Arizona encourages amicable settlement of marital disputes. A.R.S. 25-317A authorizes separation agreements by spouses anticipating separation or divorce (which in Arizona is called dissolution of marriage). The written agreement may make provision for child custody,
visitation (i.e. parenting time),
spousal maintenance (i.e. alimony), and
property division. The agreement as to maintenance and property division are binding upon the Court, unless the Court finds the agreement to be unfair or inequitable; the Court has a statutory duty to impose a property division that is fair and equitable.
In most such agreements there are actually two agreements. First, there is the separation agreement, which deals with child custody and support, as well as alimony. Second, there is is the property settlement, which address the division of marital assets and liabilities.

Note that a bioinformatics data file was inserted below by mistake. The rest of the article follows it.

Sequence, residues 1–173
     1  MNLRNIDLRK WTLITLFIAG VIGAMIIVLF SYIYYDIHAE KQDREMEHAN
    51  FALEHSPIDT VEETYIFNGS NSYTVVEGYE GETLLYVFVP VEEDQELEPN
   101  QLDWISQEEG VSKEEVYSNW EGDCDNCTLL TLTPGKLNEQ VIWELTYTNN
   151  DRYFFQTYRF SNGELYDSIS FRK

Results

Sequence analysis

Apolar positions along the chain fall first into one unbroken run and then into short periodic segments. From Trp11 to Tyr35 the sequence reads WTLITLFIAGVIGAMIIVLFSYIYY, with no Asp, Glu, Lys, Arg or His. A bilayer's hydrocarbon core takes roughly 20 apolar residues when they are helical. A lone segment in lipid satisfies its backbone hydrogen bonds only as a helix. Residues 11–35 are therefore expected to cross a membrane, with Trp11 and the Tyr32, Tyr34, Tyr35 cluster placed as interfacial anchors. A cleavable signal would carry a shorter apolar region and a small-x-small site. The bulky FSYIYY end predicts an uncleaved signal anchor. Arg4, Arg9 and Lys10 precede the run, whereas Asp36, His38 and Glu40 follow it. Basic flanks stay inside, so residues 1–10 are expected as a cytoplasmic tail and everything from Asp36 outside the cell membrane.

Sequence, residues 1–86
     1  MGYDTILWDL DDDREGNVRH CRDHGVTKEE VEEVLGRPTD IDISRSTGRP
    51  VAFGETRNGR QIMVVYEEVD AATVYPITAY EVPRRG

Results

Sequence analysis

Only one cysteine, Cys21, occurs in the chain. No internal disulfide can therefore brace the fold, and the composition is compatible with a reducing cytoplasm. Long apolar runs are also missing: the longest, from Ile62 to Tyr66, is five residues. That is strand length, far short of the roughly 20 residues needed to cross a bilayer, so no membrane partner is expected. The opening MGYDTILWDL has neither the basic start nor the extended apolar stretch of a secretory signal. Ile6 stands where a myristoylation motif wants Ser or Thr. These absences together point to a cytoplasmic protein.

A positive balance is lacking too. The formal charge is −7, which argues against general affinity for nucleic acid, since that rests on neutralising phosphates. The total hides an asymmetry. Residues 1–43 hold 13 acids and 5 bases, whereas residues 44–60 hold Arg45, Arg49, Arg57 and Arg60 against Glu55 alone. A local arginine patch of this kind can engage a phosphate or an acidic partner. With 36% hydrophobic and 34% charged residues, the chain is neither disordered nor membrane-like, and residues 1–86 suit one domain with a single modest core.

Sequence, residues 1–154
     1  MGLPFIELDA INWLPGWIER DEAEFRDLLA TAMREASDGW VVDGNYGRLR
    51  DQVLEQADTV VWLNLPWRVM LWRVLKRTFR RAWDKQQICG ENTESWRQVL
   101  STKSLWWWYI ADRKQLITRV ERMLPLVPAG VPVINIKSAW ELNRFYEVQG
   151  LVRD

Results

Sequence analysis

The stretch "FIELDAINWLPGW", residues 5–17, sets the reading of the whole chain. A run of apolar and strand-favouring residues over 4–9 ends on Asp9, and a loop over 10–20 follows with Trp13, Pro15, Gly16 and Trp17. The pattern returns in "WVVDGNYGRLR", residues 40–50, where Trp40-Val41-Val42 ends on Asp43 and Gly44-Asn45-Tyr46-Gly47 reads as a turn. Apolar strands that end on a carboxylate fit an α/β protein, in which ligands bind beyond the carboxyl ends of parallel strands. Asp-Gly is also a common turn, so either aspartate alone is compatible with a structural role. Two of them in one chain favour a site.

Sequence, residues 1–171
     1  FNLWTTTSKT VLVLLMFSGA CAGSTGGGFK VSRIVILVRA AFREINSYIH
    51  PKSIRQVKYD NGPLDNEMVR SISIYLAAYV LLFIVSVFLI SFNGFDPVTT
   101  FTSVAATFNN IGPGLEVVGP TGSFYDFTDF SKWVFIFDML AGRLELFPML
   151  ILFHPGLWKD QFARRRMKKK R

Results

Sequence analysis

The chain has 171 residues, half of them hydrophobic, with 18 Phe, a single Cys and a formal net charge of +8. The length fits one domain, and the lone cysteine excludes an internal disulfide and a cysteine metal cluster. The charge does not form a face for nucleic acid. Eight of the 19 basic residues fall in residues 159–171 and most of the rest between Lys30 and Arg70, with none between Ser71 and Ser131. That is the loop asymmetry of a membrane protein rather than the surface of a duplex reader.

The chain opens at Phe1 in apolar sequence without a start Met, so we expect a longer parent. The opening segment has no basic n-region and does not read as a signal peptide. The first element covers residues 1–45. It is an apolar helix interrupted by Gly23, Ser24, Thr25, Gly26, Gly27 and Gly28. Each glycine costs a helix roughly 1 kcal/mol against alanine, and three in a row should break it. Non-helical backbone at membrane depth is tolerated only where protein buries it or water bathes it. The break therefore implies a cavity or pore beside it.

Separation agreements can be drafted even if the parties only intend to separate, not divorce. If the parties intend to divorce, the separation agreement may be made either before or after the action is filed. As long as the agreement does not tend to induce divorce or separation, it is enforceable even if no divorce is contemplated. But the Court will refuse to enforce any agreement if there was fraud or undue influence.
It is a good idea to record either the agreement and/or the divorce decree incorporating its terms be recorded in each county in which real property affected by the agreement is located. Notarization allows the agreement to be recorded, and permits it to be admitte4d into evidence.
If you are facing these issues in Maricopa County, you need a hard fighting, straight talking Phoenix divorce lawyer on your side. So
contact us today for a free consultation.